Aura: A mission dedicated to the health of Earth's atmosphere

 

Tropospheric Emission Spectrometer (TES)

TES is an imaging Fourier Transform Spectrometer observing the thermal emission of the Earth’s surface and atmosphere, night and day. TES will measure tropospheric ozone and of other gases important to tropospheric pollution. Satellite tropospheric chemical observations are difficult to make due to the presence of clouds. To overcome this problem TES was designed to observe both downward (in the nadir) and horizontally (across the limb). This observation capability provides measurements of the entire lower atmosphere, from the surface to the stratosphere. NASA’s Jet Propulsion Laboratory provided the TES instrument.

The TES primary objective is to measure trace gases associated with air quality.

TES Contributions to Understanding Stratospheric Ozone

TES limb measurements extend from the Earth’s surface to the middle stratosphere, and the TES spectral range overlaps the spectral range of HIRDLS. As a result, TES’s high resolution spectra will allow scientists to make measurements of some additional stratospheric chemicals as well as improve HIRDLS measurements of chemicals common to both instruments.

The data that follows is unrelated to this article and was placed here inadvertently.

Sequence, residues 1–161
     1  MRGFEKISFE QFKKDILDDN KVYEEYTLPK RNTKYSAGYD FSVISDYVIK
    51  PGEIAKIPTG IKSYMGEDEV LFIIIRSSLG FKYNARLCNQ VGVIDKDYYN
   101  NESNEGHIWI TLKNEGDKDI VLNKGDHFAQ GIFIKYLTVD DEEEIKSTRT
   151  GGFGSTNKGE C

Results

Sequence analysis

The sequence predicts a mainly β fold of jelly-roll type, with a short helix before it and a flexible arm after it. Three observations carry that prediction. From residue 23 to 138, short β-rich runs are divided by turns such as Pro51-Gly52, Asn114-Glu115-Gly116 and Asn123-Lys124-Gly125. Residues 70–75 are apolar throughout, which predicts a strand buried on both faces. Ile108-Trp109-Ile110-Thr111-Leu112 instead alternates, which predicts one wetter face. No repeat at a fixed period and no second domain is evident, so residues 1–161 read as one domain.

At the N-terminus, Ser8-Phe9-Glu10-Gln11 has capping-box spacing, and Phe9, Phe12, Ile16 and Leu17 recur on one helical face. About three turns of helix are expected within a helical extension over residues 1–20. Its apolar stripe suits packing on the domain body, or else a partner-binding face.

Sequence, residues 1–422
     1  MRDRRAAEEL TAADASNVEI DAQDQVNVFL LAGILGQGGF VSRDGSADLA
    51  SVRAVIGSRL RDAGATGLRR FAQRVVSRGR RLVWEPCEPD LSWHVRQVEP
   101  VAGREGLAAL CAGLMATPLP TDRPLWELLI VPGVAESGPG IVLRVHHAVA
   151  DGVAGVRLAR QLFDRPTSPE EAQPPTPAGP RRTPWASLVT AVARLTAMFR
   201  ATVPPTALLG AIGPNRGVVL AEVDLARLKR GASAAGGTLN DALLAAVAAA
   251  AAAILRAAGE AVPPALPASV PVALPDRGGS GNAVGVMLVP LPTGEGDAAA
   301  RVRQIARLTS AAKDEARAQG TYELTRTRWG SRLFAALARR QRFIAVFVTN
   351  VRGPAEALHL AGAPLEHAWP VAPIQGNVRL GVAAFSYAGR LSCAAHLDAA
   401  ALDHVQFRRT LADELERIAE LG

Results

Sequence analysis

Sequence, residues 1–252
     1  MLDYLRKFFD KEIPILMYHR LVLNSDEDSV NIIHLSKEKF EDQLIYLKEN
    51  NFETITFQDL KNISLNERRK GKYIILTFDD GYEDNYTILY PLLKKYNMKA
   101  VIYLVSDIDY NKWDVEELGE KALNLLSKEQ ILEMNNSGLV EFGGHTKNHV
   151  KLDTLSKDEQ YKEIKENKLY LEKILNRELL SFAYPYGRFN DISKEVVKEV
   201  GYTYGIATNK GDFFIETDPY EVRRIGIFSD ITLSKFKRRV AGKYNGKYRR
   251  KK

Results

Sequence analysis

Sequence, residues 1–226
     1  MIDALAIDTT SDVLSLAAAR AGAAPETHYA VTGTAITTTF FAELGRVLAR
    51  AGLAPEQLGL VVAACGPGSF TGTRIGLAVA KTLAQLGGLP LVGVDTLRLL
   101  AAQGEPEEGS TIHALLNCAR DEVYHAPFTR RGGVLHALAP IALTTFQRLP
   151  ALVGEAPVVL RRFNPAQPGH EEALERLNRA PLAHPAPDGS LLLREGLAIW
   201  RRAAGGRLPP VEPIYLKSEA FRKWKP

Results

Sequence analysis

TES Contributions to Understanding Air Quality

TES will measure the distribution of gases in the troposphere. TES will provide simultaneous measurements of tropospheric ozone and key gases involved in tropospheric ozone chemistry, such as nitric acid (HNO3) and carbon monoxide (CO). TES data will be used to improve regional ozone pollution models.

TES Contributions to Understanding Climate Change

TES will measure tropospheric water vapor, methane, ozone and aerosols, all of which are relevant to climate change.

Modeled ozone value mixing ration Harvard University's GEOS-CHEM model illustrates the types of global maps of tropospheric ozone that the TES instrument will observe in a single day. This image shows the GEOS-CHEM simulated ozone field at 681 millibars (about 3.1 km in altitude). The white areas are mountainous regions where the surface pressure is below 681 millibars and, therefore, TES ozone data will not be available. (Image courtesy of Daniel Jacob, Harvard University).

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